- A spousal support case presents the family law practitioner with one of the most dangerous challenges a practice has to offer. Why?
Generally, spousal support is an area where the trial court has a great deal of discretion, not only to assess witness credibility, but in applying a variety of less than objective statutory factors to reach a conclusion. Unlike child support, few states have hard and fast guidelines for spousal support. This is not to say that judges don’t have ideas about minimum and maximum ranges, but there is little by way of official standards to guide the way. What does this mean to the lawyer trying the support case? It means that preparation must be more extensive to cover every possibility, rather than working to populate the record with numbers that will be made part of a formulaic calculation.
Where does trial preparation begin? It begins the first time you have a discussion with your client about spousal support. The preparation includes making sure you are well versed in your state’s statute as well as the practical ways judges in the jurisdiction apply the statute. If your state, like many, entitles a spouse to support in an amount sufficient to enable the spouse to maintain his or her marital lifestyle, be prepared to explain to your client that where available funds won’t allow for both spouses to do so, courts make adjustments. While this might not seem like trial preparation, setting reasonable client expectations is as much a part of trial preparation as analyzing the evidence. Trying a case is tough enough, but doing so in the face of a client who has unrealistic expectations based on what Internet sources say about the statute, escalates trial stress geometrically.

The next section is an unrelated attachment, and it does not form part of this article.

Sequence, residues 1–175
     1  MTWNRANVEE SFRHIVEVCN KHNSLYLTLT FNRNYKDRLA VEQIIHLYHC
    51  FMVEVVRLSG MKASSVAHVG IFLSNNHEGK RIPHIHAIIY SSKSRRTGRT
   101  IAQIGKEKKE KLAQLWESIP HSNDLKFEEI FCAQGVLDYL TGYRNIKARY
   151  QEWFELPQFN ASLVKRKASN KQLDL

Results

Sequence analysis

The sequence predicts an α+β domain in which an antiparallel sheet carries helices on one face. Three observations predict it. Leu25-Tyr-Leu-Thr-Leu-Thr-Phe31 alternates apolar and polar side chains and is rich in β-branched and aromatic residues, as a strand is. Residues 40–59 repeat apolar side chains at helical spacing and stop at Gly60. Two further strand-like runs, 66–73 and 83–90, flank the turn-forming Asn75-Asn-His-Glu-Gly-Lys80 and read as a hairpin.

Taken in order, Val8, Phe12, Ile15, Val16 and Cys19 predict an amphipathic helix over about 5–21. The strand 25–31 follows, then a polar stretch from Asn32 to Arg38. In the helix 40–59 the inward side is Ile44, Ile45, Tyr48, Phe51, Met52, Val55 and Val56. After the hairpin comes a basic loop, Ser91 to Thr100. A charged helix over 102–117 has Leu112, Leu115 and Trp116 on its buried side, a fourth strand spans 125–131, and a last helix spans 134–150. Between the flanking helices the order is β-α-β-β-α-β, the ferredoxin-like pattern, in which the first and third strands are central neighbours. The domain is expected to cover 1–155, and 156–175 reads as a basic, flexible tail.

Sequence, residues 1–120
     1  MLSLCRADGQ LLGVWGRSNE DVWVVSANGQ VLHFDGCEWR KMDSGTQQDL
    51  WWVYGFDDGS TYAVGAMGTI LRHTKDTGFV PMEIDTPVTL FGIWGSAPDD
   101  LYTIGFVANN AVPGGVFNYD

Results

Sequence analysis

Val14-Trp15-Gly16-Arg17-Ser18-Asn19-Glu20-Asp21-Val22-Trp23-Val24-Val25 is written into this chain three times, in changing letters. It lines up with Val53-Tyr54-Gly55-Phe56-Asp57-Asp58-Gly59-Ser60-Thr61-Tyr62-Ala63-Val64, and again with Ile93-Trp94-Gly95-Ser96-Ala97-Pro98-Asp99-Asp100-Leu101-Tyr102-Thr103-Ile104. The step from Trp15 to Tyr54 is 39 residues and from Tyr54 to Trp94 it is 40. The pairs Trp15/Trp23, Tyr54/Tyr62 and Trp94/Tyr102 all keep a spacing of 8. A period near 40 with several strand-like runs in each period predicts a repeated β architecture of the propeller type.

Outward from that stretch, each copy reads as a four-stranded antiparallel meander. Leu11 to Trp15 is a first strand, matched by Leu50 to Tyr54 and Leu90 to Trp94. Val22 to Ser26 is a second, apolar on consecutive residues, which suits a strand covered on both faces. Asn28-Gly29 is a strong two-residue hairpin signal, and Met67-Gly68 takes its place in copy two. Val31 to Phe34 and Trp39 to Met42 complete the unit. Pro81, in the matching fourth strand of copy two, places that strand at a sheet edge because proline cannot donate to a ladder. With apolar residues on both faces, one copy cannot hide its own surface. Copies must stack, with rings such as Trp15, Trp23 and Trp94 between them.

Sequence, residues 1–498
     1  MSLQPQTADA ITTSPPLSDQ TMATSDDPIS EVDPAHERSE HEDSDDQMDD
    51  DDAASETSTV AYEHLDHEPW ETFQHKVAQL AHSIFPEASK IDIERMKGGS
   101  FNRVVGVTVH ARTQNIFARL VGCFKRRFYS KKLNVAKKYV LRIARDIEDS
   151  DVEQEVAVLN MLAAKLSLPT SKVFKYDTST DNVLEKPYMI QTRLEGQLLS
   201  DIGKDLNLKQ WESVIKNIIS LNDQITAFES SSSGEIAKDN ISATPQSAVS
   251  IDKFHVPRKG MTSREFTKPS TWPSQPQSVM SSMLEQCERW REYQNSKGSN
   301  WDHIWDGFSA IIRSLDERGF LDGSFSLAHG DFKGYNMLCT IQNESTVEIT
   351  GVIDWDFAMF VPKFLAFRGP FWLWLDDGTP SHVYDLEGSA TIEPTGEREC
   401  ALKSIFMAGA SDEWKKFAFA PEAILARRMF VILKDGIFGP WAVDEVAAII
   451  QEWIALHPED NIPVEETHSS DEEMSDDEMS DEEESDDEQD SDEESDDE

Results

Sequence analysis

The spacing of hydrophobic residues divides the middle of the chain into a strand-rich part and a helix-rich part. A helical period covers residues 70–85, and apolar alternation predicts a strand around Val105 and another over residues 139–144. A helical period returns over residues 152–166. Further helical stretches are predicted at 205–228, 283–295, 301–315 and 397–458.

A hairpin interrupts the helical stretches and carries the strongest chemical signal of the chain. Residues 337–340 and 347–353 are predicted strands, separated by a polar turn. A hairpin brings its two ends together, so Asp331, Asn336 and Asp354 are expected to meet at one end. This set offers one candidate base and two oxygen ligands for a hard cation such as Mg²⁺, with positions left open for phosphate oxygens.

Without getting state specific, most jurisdictions expect evidence in spousal support cases to include both qualitative and quantitative components. In collecting facts about both from the client, emphasize the need for specificity, stress the importance of backup documentation, and explore the existence of corroborating witnesses to eliminate credibility contests. When clients express frustration at the detail they are asked to provide, remember that for them the rules of evidence are usually a bizarre exercise in frustration. Find a way to explain what foundation is so that they can connect the dots to understand that you keep asking when conversations took place, who was present, and what was said for a reason, other than doubting what they say. Do not shy away from making clients do what is necessary to fully prepare the case and tell them that they need to prove their case to you before you can prove it to the court or to the jury.